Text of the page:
Australian Privacy Commissioner Timothy Pilgrim (pictured above) has taken a shellacking in the courts, after trying to stretch the scope of the Australian Privacy Act too far. In a landmark ruling, the federal court judges dismissed the commissioner’s appeal, siding with Telstra and the Administrative Appeals Tribunal over whether the Aussie telco needed to hand a full suite of telecommunications metadata over to Telstra customer and former journalist Ben Grubb. Grubb had asked for the metadata by using the personal information access provisions of the Privacy Act.
Telstra argued they were not required to hand over network information such as IP addresses, URLs visited, the location of cell towers used, and data about inbound calls, because it does not constitute personal information and so falls outside the Privacy Act. The judges agreed, in a decision which hinged on the word ‘about’. Their determination was that telecoms metadata was about the service being provided, without being about the customer.
The case originated when Grubb, seeking to generate a news story as well as define terminology and combat surveillance, used the rights granted by the Privacy Act to lodge a request for all the information that Telstra held about him. When Telstra refused to provide the metadata he wanted, Grubb sought the assistance of the Office of the Australian Information Commissioner (OAIC), headed by Pilgrim. The OAIC backed Grubb, deciding that Telstra had failed to meet their obligations. But when the case went to Australia’s Administrative Appeals Tribunal, they ruled in favor of Telstra. After several rounds of appeal the case was brought before three Federal Court judges, who again favored Telstra’s interpretation of the limits of the law.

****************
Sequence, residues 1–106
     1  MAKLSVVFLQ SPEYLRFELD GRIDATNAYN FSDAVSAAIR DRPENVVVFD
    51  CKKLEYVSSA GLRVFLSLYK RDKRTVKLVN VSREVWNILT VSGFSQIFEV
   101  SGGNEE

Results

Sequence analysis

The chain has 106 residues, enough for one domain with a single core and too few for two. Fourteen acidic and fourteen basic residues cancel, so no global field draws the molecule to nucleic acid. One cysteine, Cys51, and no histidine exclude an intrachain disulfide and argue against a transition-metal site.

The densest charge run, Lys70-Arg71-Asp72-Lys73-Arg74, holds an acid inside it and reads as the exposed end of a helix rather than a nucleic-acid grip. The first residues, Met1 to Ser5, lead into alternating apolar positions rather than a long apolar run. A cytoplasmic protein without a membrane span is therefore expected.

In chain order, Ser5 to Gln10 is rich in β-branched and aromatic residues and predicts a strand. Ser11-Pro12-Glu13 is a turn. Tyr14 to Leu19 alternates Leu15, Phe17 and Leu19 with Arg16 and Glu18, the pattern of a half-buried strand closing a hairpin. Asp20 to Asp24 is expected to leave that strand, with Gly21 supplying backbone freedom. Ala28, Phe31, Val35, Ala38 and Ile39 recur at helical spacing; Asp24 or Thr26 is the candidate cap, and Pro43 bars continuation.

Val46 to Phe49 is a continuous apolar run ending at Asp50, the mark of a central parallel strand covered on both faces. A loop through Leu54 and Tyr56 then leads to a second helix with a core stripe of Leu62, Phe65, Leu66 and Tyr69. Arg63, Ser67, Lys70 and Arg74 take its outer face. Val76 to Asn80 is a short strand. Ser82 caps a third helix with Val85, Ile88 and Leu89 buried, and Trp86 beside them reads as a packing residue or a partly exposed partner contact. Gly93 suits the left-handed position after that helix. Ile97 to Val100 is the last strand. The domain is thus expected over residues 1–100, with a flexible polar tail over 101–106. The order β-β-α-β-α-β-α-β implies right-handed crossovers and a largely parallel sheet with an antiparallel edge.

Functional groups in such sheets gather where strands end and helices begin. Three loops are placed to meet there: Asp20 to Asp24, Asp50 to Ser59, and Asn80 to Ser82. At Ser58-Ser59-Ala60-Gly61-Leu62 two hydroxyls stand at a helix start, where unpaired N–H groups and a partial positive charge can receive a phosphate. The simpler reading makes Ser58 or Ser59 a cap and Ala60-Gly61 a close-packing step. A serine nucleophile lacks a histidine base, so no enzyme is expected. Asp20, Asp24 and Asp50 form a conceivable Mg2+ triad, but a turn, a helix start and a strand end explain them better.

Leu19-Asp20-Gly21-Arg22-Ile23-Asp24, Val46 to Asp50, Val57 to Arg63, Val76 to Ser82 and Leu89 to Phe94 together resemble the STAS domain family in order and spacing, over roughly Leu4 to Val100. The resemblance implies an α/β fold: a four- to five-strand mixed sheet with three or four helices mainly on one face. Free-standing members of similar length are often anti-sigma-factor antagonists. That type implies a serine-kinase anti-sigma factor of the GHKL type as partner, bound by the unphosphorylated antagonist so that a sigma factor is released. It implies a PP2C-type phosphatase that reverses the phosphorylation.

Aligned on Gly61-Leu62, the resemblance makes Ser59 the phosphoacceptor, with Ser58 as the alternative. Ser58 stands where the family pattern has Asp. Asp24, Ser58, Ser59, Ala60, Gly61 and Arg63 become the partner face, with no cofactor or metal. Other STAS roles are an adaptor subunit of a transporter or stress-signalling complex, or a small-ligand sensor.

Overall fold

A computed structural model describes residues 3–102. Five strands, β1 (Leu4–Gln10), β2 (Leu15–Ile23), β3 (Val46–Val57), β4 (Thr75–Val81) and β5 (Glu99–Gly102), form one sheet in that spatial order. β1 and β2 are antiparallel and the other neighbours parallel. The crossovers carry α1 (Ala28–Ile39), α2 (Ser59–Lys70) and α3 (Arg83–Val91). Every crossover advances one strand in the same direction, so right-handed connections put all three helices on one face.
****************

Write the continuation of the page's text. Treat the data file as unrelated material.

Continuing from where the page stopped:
If Privacy Commissioner Pilgrim is disappointed, he is not saying so publicly. The official response on the OAIC website is a long-winded version of ‘no comment’.
The case highlights an important and recurring problem with legislation designed to set expectations relating to personal data, privacy, and the management of data by comms providers. Legislators like to pass laws to protect privacy, but lack the skill and finesse to be precise in defining exactly who is entitled to what, and what telcos must do to meet their obligations. Every time they fall short it becomes the job of the courts to close the gap, resolving the meaning of the legislation. And because private citizens lack the resources to effectively bring cases, we end up with offshoots of government, like the OAIC, being paid to fight telcos in courts, only to learn their interpretation of the law is wrong too. I do not expect any miracle solution; the precedents set by courts of law will always need to resolve fine points of interpretation and application of the law. But if legislators spent less time taking credit for protecting privacy, and more time writing better-worded laws, they would save customers, taxpayers and businesses a lot of time, cost and anxiety.